Tao Porchon-Lynch, the Guinness-certified world's oldest yoga teacher, has died at age 101.
The forever young yogi, author and competitive ballroom dancer, who inspired many through her classes and teachings, passed away peacefully on Friday, according to her website. The news was also posted on her Instagram page, which inspired tributes from many of her followers.
"With great sorrow and heavy hearts, we are writing to let you know that our beloved Tao passed away this morning, peacefully and without pain," read the message accompanying a picture of Porchon-Lynch looking timeless and radiant, posing by the water in a blue dress. "As she would say, she is now dancing her way to the next planet. We are planning a wonderful celebration of Tao’s life in the Spring."
Porchon-Lynch, an American yoga master of French and Indian descent, began practicing yoga at the age of 8 and went on to study with some of the world's most prominent teachers. She had many creative endeavors, including a love for wine and ballroom dancing, for which she won many competitions. She also held the Guinness World Record for the oldest competitive ballroom dancer and competed on "America's Got Talent" in 2015.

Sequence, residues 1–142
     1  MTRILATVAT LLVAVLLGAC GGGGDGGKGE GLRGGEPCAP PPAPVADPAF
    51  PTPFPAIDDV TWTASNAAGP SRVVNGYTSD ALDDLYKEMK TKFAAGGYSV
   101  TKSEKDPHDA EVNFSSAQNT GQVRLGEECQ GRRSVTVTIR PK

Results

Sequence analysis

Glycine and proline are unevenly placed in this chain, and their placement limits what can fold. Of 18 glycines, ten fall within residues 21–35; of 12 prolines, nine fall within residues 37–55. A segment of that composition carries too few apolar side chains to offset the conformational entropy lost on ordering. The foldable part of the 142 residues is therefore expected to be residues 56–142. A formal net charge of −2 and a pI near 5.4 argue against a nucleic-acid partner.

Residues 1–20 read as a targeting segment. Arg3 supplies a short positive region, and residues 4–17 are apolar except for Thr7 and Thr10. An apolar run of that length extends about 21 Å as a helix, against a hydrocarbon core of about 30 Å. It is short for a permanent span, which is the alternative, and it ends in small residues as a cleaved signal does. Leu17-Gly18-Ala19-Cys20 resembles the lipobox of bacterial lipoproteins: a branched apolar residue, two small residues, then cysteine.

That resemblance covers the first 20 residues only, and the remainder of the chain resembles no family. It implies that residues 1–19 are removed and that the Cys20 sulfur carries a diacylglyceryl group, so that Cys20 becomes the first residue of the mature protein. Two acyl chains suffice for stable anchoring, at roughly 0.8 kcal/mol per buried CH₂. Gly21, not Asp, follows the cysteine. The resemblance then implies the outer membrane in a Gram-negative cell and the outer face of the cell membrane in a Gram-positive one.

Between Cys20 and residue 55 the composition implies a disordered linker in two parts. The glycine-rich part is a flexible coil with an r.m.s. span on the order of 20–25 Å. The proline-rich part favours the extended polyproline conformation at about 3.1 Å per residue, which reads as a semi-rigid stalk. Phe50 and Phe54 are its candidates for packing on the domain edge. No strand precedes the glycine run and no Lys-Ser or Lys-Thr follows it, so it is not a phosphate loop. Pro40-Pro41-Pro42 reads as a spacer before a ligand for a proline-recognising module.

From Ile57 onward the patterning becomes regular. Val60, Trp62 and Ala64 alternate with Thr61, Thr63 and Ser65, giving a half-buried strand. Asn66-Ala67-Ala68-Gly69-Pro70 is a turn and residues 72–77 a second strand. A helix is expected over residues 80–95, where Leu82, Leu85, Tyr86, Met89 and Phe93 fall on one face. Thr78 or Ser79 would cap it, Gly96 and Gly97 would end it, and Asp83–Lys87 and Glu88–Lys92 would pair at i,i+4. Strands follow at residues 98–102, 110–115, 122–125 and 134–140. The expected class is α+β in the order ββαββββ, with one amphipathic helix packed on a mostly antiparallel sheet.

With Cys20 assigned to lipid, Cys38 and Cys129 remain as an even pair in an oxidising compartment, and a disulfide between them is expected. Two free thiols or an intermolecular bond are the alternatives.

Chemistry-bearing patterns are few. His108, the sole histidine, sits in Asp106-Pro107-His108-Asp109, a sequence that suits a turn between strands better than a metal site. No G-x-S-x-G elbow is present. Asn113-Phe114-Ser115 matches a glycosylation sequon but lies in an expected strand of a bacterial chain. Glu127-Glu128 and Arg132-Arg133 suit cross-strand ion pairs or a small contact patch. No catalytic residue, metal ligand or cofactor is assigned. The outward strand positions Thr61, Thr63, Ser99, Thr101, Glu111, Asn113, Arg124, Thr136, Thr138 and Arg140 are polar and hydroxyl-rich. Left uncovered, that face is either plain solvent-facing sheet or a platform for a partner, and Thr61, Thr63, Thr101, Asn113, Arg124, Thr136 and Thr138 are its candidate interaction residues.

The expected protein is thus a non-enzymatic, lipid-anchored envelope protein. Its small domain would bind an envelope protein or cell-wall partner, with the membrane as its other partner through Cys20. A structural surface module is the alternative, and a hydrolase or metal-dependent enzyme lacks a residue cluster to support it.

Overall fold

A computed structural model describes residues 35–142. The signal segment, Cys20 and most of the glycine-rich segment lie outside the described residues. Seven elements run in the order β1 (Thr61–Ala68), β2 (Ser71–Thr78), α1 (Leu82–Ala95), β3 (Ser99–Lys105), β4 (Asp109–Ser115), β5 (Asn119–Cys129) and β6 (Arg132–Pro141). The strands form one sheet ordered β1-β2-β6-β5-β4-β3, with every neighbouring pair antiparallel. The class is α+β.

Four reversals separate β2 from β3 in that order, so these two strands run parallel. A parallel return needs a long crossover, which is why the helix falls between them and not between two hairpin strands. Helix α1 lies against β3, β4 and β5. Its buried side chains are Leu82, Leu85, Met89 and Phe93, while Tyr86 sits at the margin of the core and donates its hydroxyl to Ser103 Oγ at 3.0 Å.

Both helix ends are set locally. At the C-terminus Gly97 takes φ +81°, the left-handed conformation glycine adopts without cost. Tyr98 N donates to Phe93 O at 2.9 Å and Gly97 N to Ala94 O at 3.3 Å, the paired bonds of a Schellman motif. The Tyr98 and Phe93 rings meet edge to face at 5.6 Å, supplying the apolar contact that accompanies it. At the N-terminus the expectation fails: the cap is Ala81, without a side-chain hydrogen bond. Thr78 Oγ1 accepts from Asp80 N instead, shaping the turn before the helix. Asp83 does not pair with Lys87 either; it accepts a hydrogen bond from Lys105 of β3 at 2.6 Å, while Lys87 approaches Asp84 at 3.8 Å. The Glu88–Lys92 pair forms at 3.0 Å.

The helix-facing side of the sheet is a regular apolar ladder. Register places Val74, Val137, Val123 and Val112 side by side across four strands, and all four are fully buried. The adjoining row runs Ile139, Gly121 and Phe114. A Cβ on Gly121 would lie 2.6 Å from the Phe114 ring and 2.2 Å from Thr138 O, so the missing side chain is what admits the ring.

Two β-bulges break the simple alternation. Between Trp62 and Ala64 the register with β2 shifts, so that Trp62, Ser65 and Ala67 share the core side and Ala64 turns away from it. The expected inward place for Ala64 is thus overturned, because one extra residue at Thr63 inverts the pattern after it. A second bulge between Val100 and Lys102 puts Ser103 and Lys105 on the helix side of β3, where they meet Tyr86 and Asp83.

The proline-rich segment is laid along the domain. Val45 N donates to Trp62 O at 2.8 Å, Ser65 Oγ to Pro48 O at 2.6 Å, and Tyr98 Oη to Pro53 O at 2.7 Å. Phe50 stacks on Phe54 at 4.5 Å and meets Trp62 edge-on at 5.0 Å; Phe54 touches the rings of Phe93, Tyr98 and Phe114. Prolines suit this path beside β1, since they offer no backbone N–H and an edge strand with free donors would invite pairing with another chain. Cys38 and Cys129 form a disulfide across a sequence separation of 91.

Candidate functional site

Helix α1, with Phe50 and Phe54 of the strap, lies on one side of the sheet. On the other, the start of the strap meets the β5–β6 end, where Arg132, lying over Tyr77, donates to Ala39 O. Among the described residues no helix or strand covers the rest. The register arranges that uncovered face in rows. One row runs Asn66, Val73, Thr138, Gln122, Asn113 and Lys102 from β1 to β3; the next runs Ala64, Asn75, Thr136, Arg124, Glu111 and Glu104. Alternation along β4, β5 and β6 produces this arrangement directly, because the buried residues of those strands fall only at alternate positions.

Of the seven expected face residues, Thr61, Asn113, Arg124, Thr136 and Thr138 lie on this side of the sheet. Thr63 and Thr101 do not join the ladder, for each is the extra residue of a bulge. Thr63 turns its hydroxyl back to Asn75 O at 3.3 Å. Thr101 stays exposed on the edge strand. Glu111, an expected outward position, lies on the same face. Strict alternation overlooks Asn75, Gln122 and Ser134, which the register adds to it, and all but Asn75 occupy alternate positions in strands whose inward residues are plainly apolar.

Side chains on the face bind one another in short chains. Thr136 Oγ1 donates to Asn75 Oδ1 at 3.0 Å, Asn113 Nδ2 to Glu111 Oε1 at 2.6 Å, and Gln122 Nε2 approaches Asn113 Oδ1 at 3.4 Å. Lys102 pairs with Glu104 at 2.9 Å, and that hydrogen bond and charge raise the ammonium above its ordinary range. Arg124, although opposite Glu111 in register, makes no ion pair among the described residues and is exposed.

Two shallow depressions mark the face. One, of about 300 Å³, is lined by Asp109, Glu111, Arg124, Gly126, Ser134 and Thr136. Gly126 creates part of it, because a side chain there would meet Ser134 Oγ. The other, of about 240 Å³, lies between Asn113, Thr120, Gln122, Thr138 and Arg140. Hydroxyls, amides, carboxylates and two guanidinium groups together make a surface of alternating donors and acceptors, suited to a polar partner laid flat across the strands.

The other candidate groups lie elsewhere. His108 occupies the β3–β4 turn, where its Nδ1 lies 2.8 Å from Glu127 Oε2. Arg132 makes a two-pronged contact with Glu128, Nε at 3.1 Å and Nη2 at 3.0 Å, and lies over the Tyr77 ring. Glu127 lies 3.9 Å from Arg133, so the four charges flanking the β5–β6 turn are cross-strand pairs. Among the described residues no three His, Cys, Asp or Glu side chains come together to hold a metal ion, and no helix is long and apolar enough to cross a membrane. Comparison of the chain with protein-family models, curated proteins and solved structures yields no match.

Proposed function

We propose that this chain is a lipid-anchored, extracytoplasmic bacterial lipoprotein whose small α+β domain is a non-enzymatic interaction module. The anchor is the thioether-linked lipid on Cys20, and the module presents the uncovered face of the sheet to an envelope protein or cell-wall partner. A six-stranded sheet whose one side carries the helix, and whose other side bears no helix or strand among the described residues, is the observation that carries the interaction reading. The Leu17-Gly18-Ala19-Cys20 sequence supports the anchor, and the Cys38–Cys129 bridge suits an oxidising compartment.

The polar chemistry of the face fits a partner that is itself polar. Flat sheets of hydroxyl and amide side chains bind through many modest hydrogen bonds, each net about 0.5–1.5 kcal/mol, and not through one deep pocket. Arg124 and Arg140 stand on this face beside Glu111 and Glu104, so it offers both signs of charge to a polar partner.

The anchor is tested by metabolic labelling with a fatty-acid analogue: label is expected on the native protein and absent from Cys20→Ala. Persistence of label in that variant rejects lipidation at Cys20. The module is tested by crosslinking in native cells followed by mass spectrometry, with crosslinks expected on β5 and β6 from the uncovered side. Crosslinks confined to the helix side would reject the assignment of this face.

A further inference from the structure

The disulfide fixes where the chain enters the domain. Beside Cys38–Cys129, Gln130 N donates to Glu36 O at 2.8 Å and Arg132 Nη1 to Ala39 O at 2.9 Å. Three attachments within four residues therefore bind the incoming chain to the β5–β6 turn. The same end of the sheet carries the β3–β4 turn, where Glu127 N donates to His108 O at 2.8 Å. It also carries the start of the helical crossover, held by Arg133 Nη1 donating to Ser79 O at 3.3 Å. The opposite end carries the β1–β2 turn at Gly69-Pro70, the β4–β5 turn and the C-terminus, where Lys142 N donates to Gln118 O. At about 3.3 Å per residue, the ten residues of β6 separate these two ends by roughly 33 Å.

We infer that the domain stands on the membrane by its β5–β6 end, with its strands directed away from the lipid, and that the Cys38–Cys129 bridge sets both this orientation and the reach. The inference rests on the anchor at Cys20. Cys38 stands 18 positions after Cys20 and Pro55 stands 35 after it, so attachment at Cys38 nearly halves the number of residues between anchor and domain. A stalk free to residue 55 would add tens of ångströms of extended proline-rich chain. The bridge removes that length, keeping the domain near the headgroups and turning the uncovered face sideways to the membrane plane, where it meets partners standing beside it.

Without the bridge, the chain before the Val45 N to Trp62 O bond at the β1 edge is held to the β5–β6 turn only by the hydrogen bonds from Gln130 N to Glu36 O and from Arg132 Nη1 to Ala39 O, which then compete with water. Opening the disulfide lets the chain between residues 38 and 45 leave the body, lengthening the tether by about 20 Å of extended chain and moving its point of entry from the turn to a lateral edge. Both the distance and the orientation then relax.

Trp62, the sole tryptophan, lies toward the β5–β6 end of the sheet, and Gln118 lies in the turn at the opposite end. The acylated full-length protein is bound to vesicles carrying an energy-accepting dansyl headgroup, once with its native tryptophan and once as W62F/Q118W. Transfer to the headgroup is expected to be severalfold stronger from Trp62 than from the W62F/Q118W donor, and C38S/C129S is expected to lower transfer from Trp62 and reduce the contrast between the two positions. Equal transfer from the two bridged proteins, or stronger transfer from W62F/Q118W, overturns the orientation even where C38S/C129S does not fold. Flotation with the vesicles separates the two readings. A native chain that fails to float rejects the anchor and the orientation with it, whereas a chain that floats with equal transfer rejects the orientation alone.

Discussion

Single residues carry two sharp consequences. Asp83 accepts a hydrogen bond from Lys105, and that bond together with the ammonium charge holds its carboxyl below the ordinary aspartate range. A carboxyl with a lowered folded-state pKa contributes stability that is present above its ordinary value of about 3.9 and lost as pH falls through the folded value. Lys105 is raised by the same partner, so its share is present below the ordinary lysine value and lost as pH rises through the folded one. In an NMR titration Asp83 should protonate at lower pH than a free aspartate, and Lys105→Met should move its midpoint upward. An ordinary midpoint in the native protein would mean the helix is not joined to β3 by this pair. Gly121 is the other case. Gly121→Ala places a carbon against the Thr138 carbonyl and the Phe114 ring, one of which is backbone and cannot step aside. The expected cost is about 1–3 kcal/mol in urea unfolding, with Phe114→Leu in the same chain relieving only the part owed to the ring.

Her full life included a stint in Hollywood as an actress and marching with Mohandas K. Gandhi for social justice. She was committed to wildlife conservation and protecting elephants, in particular, and authored the book "Reflections: The Yogic Journey of Life."
While other centenarians are long into retirement, Porchon-Lynch continued to teach yoga in a suburb of New York into her 100s. Her students recalled her exquisite grace, strength and stamina as she taught and worked with people one-quarter of her age.
When Porchon-Lynch was 98, she teamed up with Athleta to show off her yoga skills and share her daily mantras.
Kathie Lee and Hoda marveled at Porchon-Lynch's strength and beauty as they watched a clip of her practice on TODAY and repeated one of her mantras: "Know that the joy of living is right inside you."
Porchon-Lynch always had words of wisdom, especially these thoughts on aging that she shared in her memoir.
“I don’t believe in age. When people ask me about age, I tell them to look at all the trees around them. They’re hundreds of years old. They may look as if they’re dying at the moment, but they’re not; they’re recycling themselves. And in a couple of months, they’re going to be reborn again.”